Step One: if you are a current student and think you may have a Specific Learning Difference (SpLD) such as Dyslexia, you can request an online screening questionnaire from the Student Hub. Once you have completed the questionnaire it will be reviewed by a specialist practitioner who will advise if you show any signs of an SpLD and recommend if a post-16 full diagnostic assessment is appropriate. 

Step Two: if it is recommended that you take a post-16 diagnostic assessment you will be given information on how to find an assessor. Diagnostic assessments take around three hours and range between £400 and £600 in cost. Please note assessments must be carried out by a specialist teacher/assessor with a current Assessing Practising Certificate (APC) or psychologists registered with the Health and Care Professional Council (HCPC). The Student Disability and Inclusion Team can provide diagnostic assessments free of charge to current students with a household income below £30,000. Please contact us for more information if you think you are eligible.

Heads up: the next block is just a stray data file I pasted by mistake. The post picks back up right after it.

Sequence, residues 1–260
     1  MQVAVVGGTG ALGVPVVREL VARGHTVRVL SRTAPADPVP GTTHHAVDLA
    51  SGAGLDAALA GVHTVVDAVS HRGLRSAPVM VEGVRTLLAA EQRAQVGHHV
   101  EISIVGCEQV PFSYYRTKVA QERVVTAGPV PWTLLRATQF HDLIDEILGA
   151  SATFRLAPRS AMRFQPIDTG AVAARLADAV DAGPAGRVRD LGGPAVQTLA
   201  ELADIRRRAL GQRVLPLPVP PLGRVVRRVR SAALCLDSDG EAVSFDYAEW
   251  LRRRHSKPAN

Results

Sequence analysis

Step Three: send your post-16 diagnostic assessment report to to arrange a student support appointment and discuss your support recommendations. A post-16 diagnostic assessment report may give you access to Disabled Students' Allowance and/or additional exam recommendations.  


I need help with my coursework – where should I go?

Student Disability and Inclusion run bookable specialist study skills support sessions for practical study advice. Specialist study skills support is designed to support students who may have a specific learning difference (SpLD) such as dyslexia.

Please note that our Specialist Study Skills Drop-In runs on a first come first served basis and can be booked via our dedicated Study Skills support webpage. These sessions will last approximately 30 minutes. Should you require a longer, 1-hour appointment please contact us to arrange. 

In addition to this, we also run a series of study skills workshops that may help you. Please visit our Events Page for more information.

The Academic Skills Hub (SASH) also offer Study Support appointments and have a range of study advice and resources available on the Academic Skills Hub website.

If the reason you need help is due to extenuating circumstances we’d suggest you consider applying for special considerations. Further information can be found on the dedicated Special Considerations web page.

What is Assistive Technology?